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PAKT Venture to the Far Edge of Improv

PAKT Venture to the Far Edge of Improv

Behold, the organized chaos of PAKT in the flesh. Guitarists Alex Skolnick and Tim Motzer hold down the left and right flanks, respectively, with revered bassist Percy Jones and drummer Kenny Growhowski.

Photo by Avraham Bank

The free-playing supergroup returns with a full-length that explores the outer reaches of composition. Guitarists Tim Motzer and Alex Skolnick mull over the mysteries of their music.

While all of their music is produced spontaneously, PAKT—the all-star outfit that takes its name from the first initials of guitarists Alex Skolnick and Tim Motzer, bassist Percy Jones, and drummer Kenny Grohowski—believes in the late saxophonist and composer Wayne Shorter’s maxim that “improvisation is just composition sped up.” The foursome’s collective technical ability, open minds, and desire to simply create all combine to make the group an ensemble without boundaries.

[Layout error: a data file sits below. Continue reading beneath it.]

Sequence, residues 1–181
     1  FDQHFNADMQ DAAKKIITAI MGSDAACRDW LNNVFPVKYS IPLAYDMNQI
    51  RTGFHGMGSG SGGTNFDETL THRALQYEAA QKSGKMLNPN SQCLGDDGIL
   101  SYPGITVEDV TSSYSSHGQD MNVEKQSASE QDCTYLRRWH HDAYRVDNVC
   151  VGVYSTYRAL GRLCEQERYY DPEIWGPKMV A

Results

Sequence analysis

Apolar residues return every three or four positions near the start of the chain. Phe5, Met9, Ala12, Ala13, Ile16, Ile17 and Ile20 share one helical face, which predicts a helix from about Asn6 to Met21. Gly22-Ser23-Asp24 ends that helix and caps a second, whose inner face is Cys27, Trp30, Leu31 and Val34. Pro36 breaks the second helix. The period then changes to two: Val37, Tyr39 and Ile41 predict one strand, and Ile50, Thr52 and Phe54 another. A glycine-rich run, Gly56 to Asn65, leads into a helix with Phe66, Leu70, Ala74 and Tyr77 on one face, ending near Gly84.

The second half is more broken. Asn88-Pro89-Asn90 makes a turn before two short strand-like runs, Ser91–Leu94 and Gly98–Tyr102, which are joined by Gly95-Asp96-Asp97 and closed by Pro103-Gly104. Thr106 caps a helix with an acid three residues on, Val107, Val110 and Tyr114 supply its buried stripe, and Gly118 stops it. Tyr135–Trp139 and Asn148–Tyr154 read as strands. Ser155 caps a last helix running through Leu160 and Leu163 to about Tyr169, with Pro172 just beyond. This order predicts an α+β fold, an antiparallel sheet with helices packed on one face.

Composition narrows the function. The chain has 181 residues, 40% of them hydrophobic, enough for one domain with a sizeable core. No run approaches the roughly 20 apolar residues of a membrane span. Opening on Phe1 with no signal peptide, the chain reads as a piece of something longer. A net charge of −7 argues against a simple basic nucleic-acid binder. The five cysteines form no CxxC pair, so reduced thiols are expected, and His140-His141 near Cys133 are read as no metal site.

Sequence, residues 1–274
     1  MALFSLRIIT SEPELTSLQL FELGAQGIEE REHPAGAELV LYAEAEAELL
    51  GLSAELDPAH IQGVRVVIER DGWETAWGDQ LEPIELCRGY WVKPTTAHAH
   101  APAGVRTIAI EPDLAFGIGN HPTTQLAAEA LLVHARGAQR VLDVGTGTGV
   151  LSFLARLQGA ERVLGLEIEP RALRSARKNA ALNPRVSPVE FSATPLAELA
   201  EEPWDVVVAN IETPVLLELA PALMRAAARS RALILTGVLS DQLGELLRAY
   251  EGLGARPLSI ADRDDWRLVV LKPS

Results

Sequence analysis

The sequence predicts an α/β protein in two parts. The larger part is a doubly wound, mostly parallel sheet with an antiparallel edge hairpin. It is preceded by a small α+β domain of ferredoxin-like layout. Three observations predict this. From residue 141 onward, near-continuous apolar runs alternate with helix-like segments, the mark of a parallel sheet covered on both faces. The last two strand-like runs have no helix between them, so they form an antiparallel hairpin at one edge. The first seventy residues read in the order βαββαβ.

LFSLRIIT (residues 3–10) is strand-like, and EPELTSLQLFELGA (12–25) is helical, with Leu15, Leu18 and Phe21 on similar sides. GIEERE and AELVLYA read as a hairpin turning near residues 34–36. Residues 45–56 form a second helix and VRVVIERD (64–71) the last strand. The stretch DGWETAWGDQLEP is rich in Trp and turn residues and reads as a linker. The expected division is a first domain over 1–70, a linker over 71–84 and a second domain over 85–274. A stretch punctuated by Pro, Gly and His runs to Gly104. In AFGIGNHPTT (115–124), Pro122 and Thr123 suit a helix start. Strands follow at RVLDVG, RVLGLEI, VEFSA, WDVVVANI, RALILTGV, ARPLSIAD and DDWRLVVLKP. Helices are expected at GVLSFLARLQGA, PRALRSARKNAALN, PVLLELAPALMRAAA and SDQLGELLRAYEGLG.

PAKT manages to have broader appeal than many of their peers in the free-improv niche because its players have such diverse influences and backgrounds, and high profiles. Arguably, one’s guitar experience couldn’t be more eclectic than Skolnick’s. He found massive success in the late 1980s and early ’90s with the thrash-metal group Testament, then garnered both critical and popular acclaim as a straight-ahead jazz guitarist. Additionally, Skolnick has participated in numerous tribute concerts and recordings, honoring the likes of Allan Holdsworth, Iron Maiden, and Leslie West.

“I’m of the mind that improvisation leads to composition, and many times the improvisations are the compositions.” - Tim Motzer